What to expect after breast surgery

How long you stay in hospital will depend on the type of surgery you have and how well you recover. Most people can walk around and shower the day after surgery. If you have any questions about your recovery, ask the doctors and nurses caring for you. Many people are referred to a breast care nurse for information and support.

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Tubes and dressings

You may have one or more drainage tubes in place to remove fluid from the surgical site. These may remain in place for up to 10 days, depending on the type of surgery. A dressing will cover the wound to keep it clean, and it will usually be removed after about a week.

Some people are discharged from hospital with drains still in place, but this will depend on your situation and your doctor’s advice. Nursing staff will teach you how to manage the drains at home, or you may be referred to a community nurse or your GP.


Movement

While you are in hospital, you will be advised to move your legs when you are in bed to help prevent blood clots, and to get up and walk around when you are able. You may have to wear elastic (compression) stockings or use other devices to help prevent blood clots in the deep veins of your legs (deep vein thrombosis or DVT). Your doctor might also prescribe medicine that lowers the risk of clots.


Pain

You will be given pain relief through an intravenous (IV) drip, via an injection, or as tablets, and you will be given pain medicine when you go home. Any bruising and swelling at the surgery site will usually settle down in 2–3 weeks.


Sense of loss

Breast surgery may change the appearance of your breast, and this can affect how you feel about yourself (self-image and self-esteem). You may feel a sense of loss if you’ve had a mastectomy and find that your sense of identity or femininity has been affected. It is normal to grieve the loss of your breast.

Talking to someone who has had breast surgery might be helpful. Cancer Connect may be able to link you to someone who has had a similar experience to you. You may also benefit from speaking with a counsellor or psychologist for emotional support and coping strategies. Call Cancer Council 13 11 20 for details.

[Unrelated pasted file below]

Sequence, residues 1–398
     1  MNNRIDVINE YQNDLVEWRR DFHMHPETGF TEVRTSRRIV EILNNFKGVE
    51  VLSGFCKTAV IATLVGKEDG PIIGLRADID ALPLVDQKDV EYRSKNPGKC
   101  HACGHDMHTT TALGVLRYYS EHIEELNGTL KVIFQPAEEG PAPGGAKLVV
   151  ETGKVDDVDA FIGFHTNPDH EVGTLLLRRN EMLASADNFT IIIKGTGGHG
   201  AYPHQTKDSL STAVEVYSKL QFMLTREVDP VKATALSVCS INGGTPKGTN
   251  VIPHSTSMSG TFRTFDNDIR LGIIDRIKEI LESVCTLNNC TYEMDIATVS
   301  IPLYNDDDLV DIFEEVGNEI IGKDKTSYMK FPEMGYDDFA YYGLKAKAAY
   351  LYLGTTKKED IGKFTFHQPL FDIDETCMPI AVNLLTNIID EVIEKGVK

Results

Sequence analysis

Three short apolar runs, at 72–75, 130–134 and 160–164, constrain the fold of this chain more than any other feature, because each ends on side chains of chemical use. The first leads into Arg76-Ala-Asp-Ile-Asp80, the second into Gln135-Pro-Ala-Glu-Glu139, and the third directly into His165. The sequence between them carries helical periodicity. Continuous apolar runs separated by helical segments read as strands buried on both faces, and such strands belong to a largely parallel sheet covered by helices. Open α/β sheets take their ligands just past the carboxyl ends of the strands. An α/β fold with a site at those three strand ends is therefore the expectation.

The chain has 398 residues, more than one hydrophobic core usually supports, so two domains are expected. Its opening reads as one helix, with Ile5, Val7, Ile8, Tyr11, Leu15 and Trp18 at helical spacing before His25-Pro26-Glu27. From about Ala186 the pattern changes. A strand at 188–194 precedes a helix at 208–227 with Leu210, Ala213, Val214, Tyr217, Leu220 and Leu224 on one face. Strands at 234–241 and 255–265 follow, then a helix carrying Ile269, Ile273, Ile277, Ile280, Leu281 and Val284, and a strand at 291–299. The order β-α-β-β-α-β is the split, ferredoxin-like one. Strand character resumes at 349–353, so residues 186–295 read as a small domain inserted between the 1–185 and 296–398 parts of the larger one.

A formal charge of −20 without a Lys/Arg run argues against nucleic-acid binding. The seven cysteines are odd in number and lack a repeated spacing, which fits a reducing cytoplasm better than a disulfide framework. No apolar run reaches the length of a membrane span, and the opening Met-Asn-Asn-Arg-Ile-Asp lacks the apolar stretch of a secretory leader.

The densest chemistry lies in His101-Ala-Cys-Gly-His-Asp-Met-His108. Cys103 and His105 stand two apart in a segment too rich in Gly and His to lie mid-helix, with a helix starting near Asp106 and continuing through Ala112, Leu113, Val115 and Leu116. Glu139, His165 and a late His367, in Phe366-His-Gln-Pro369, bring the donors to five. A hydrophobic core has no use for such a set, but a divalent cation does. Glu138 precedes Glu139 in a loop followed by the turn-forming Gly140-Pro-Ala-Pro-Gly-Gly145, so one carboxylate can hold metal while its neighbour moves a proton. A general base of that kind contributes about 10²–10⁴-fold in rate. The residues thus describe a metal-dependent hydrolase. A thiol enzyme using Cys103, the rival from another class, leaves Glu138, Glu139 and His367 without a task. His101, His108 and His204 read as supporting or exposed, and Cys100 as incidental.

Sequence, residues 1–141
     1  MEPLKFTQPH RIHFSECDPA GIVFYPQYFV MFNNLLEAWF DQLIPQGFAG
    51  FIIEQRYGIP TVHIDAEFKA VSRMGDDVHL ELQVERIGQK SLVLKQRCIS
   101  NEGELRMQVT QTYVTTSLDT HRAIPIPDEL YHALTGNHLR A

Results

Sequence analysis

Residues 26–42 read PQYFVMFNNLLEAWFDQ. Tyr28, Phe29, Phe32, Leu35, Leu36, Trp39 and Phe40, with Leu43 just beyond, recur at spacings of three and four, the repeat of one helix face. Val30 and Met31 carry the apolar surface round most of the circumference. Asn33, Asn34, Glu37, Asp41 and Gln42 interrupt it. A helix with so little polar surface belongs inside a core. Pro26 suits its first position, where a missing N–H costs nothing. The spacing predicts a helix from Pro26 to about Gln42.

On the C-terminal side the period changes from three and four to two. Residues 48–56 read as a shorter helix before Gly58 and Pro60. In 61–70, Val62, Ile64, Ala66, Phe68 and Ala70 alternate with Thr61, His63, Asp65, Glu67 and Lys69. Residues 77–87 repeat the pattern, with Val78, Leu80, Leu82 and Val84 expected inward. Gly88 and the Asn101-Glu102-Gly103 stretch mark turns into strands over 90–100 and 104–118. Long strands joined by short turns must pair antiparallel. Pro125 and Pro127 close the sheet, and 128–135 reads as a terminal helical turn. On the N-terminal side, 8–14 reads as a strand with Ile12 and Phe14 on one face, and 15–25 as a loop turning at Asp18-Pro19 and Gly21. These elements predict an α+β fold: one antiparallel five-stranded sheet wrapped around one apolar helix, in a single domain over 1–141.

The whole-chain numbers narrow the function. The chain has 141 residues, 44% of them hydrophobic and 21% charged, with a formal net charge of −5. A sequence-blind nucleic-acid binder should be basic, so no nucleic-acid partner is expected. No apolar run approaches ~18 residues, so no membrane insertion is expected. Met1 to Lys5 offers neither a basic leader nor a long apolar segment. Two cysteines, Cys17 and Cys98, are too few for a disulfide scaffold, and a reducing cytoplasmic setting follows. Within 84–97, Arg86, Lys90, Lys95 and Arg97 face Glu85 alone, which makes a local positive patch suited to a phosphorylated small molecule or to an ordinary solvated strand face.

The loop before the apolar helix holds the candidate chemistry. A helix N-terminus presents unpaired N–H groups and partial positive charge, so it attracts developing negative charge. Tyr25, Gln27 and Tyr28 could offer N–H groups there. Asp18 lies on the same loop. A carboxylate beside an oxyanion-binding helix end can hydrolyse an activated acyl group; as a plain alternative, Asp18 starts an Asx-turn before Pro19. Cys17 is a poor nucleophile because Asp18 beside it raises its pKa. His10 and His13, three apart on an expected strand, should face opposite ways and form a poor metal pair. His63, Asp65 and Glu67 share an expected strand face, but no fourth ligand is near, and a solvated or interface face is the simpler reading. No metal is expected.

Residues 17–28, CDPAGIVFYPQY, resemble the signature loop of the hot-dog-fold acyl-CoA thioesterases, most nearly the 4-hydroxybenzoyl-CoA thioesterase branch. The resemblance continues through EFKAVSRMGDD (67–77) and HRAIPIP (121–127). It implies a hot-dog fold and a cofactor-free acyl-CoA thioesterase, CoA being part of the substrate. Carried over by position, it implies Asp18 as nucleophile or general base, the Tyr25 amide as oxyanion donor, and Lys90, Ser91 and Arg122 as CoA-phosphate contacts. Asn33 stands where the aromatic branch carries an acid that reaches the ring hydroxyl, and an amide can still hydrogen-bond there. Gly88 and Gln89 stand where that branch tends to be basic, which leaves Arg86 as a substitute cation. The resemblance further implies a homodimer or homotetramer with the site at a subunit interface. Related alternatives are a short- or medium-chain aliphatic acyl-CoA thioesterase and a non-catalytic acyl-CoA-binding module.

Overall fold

Exercising your arm

After surgery, ask your treatment team when you can slowly  begin to exercise your arm and shoulder. This will help it feel better and get back to normal faster. Arm and shoulder exercises will also move any fluid that has collected near the surgical scar (seroma) and help to prevent lymphoedema. 

For more on this, see Arm and shoulder exercises after surgery.


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What to expect when you get home

Recovering from breast surgery will take time. If you need home nursing care, ask hospital staff about services that are available in your area.

Recovery time

Recovery time
The time it takes to recover from breast
surgery varies. Most people start to feel
better within about two weeks.

Get help

Get help
Ask friends or family to help you out while you recover, e.g. with household chores, meals or errands.

Rest up

Rest up
Get plenty of rest in the first few days after being discharged from hospital. Take it easy and do only what is comfortable.

Resuming activities

Resuming activities
Check with your surgeon and/or breast care nurse about when you can start doing your regular activities. For example, some surgeons tell you to avoid driving until the stitches are removed or until your arm is more agile.

Follow-up

Seek advice and follow-up
Talk to your surgeon and breast care nurse about the best way to look after the wound. Also, report any redness, pain, fever, swelling or wound discharge to your surgeon or breast care nurse.

Bathe carefully icon

Bathe carefully
Keep the wound clean, and gently pat it dry after showering.

confort first icon

Comfort first
If you want to wear a bra, choose a soft bra or crop top. A sterile gauze pad placed inside your bra may help with rubbing on any tender areas.

Avoid cuts
Talk to your treatment team if you want to shave your armpits. They may advise you to wait for a time.

Moisturise icon

Moisturise
Gently massage the area with moisturiser once the stitches have been removed and the wound has completely healed.

Don’t use deodorant
If the wound is under your arm, avoid using deodorant until it has completely healed.


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Turn on your Kobo and your EPUB will be located in “eBooks”, while a PDF will be located in “Documents”.
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Amazon Kindle 2nd Generation devices

EPUB files can’t be read on the Amazon Kindle™. However, like most eReaders, Kindle™ 2nd Generation devices are able to display PDFs. We recommend that you download the PDF version of this booklet if you would like to read it on a Kindle™.
To transfer a PDF to your Kindle™ via USB cable from your computer or Mac:

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Kindle also provides a Kindle Personal Documents Service that allows users to send documents as an attachment directly to your eReader. For more information on this service, visit http://www.amazon.com/gp/help/customer/display.html/ref=help_search_1-1?ie=UTF8&nodeId=200767340&qid=1395967989&sr=1-1
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This information was last reviewed in August 2018
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Cancer information

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